The Ohio Supreme Court yesterday ruled that when the state has lawfully obtained a sample of a person's DNA in the course of a criminal investigation, and has used that sample to establish a DNA profile of the subject, that person does not have standing to object to the state's retention of that profile, and the state is authorized to retain and use it in a subsequent criminal investigation even when the subject is subsequently acquitted on charges that were the basis for obtaining the DNA sample. (State v. Emerson, Slip Opinion No. 2012-Ohio-5047)
The Court news reporter stated that the case involved a criminal defendant accused of rape in 2005, in the course which investigation a search warrant was executed to obtain a DNA sample, which was processed, a profile there obtained, and placed into the law enforcement Combined DNA Index System (CODIS) at the local level and, eventually, was entered in a "suspect" database at the state level. The suspect was subsequently acquitted of the rape charge, though after his acquittal his profile remained in the CODIS database and he had not sought to have it expunged.
In July 2007, Cleveland police investigating a murder found blood that was not the victim’s on a door handle at the crime scene, submitting the sample to the Cuyahoga County Coroner's Office which in turn did a DNA analysis of the blood sample, entering that resulting DNA profile into the CODIS database at the local level as a forensic unknown, and subsequently to the state. In August 2008, a report generated at the state level determined that the DNA profile obtained from the homicide scene matched the profile on file with that that had been obtained in connection with the 2005 rape prosecution and retained in CODIS after the suspect’s acquittal in that case.
Obtaining a search warrant and new DNA sample from the suspect that matched the current crime scene material and investigation, the suspect was indicted on one count each of aggravated murder, aggravated burglary, and tampering with evidence.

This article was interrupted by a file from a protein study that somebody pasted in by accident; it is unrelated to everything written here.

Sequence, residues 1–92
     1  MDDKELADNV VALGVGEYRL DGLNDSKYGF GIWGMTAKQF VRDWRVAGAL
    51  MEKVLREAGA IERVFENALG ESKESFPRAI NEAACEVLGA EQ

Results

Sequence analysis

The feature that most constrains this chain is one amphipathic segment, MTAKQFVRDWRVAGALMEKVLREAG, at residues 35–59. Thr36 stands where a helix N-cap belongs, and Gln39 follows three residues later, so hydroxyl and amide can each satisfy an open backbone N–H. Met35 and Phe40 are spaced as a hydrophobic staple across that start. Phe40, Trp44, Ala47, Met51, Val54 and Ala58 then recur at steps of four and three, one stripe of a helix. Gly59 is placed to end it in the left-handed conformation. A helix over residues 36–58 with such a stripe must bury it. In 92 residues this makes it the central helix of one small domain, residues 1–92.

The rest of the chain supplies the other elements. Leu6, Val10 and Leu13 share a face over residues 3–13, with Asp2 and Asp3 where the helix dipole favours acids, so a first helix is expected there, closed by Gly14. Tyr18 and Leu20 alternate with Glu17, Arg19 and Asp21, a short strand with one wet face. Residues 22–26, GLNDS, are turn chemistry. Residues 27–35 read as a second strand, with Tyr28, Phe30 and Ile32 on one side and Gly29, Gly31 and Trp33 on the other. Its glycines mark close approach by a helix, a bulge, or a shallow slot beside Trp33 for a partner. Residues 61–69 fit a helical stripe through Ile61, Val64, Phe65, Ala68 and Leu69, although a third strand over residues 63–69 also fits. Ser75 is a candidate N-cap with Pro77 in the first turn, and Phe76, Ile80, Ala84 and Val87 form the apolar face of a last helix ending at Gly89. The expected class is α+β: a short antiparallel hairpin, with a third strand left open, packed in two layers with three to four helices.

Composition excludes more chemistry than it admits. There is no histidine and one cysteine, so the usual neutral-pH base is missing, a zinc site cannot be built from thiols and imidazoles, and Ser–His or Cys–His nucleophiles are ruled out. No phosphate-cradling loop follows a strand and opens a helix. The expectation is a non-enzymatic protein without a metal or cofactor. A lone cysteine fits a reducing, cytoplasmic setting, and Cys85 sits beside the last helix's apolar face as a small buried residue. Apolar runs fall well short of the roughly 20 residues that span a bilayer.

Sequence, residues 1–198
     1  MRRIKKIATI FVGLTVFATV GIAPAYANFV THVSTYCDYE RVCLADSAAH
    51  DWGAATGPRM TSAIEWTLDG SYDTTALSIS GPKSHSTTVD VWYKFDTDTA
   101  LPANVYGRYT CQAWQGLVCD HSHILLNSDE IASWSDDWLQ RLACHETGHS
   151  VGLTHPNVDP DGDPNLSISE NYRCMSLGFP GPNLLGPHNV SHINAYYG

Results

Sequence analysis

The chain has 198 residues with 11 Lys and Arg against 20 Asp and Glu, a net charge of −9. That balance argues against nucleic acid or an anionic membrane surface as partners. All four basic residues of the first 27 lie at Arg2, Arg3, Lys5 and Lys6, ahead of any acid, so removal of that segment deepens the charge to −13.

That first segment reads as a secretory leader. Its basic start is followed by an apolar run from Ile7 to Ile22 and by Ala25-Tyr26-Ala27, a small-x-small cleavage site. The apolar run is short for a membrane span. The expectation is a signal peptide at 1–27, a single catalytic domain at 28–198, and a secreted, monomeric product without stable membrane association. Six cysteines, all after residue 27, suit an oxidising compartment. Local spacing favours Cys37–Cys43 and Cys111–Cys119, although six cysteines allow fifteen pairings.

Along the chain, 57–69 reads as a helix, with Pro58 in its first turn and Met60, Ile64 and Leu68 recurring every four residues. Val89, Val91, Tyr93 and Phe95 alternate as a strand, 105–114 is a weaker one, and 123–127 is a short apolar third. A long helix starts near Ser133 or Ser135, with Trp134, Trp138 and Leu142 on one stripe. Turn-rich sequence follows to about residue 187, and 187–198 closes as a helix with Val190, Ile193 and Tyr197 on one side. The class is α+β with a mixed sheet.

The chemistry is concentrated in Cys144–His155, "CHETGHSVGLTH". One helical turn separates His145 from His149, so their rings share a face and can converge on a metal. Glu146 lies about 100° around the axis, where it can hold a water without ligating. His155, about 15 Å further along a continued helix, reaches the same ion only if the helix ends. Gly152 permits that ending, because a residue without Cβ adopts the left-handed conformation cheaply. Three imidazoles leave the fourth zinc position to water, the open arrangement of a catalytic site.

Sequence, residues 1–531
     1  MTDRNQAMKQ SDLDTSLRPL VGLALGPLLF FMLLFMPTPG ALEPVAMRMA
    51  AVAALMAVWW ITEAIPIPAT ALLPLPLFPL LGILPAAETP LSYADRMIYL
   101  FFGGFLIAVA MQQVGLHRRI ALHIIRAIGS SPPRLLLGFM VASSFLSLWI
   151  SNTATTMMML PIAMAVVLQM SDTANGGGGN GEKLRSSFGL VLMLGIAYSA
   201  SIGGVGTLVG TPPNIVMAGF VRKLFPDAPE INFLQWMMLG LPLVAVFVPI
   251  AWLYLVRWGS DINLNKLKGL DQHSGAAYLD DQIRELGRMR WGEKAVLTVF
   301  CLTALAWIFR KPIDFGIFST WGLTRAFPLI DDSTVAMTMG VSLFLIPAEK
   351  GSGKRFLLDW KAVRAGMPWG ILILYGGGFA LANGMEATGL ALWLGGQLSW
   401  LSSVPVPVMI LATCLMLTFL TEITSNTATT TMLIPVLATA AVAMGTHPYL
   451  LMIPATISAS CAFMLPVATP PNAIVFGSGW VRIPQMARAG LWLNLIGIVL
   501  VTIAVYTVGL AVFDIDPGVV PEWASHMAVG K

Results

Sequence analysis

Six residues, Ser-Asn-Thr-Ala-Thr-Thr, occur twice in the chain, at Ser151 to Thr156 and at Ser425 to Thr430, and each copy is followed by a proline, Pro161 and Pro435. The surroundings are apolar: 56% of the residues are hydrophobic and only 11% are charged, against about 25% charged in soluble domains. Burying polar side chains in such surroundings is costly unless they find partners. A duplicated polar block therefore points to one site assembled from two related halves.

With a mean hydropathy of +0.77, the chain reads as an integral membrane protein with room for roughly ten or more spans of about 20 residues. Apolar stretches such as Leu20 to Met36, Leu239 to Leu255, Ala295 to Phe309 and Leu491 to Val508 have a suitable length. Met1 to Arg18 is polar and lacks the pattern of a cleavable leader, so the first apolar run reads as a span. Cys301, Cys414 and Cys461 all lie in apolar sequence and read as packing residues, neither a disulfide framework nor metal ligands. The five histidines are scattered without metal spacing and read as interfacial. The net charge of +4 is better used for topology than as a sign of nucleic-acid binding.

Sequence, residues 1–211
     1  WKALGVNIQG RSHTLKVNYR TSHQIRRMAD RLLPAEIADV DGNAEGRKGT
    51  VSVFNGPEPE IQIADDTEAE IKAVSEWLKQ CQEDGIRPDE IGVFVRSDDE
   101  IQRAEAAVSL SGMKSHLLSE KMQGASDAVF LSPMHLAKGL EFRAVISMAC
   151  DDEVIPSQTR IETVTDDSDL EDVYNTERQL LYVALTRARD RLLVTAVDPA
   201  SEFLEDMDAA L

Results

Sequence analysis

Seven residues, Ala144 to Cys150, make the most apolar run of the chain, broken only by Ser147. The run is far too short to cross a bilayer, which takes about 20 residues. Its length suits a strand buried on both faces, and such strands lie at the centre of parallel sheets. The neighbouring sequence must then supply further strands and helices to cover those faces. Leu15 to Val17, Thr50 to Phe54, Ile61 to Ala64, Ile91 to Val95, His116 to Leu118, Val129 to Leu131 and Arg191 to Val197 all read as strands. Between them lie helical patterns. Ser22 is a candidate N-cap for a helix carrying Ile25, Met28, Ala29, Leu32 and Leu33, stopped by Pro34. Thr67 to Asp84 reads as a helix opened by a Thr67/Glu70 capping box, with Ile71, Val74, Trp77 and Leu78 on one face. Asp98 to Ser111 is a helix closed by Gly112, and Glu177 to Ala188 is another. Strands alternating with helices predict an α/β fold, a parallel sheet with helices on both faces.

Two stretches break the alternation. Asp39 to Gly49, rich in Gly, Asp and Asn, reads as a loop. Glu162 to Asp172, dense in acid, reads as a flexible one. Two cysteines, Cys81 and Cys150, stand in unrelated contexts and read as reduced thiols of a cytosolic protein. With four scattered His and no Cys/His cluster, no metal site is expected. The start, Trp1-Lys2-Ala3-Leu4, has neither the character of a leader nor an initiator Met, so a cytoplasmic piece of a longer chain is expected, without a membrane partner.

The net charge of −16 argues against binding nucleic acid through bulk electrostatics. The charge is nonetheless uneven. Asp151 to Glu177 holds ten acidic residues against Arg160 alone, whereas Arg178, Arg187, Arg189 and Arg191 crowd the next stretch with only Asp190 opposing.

A motion to suppress was filed, but an evidentiary hearing led the trial court to deny that motion. The matter proceeded to trial, and a jury found the suspect guilty of aggravated murder and tampering with evidence. On appeal, the Eighth District Court of Appeals affirmed the judgment of the trial court. (Here )
The state's supreme court here upheld the Eighth District,the Court's news service relaying Justice Robert Cupp's writing, "Appellant (Emerson) argues that he has a reasonable expectation of privacy in the DNA profile obtained from his sample. ... Specifically, that the state was permitted to use the DNA profile only for the 2005 rape investigation and its retention and subsequent use subjected him to a new Fourth Amendment search and seizure."
"A DNA sample and a DNA profile are not one and the same. Instead, a DNA sample is processed by a specialist to obtain the DNA profile. ... Once the sample is processed, a record is made of the profile. Accordingly, this scientific process results in a record separate and distinct from the DNA sample. Because a scientific process must be performed on a DNA sample by an agent of the government to obtain the DNA profile, and the DNA profile is separate and distinct from the DNA sample, we conclude that the DNA profile obtained from appellant’s DNA sample was the work product of the government. Therefore, appellant had no possessory or ownership interest in the DNA profile."
"(R)etention by the state of a DNA profile for possible future comparison with profiles obtained from unknown samples taken from a victim or a crime scene does not differ from the retention by the state of fingerprints for use in subsequent investigations. ... We note that numerous courts around the country have examined this issue and have reached the same conclusion that we do here—a person has no reasonable expectation of privacy in his or her DNA profile extracted from a lawfully obtained DNA sample. A defendant lacks standing to object to its use by the state in a subsequent criminal investigation."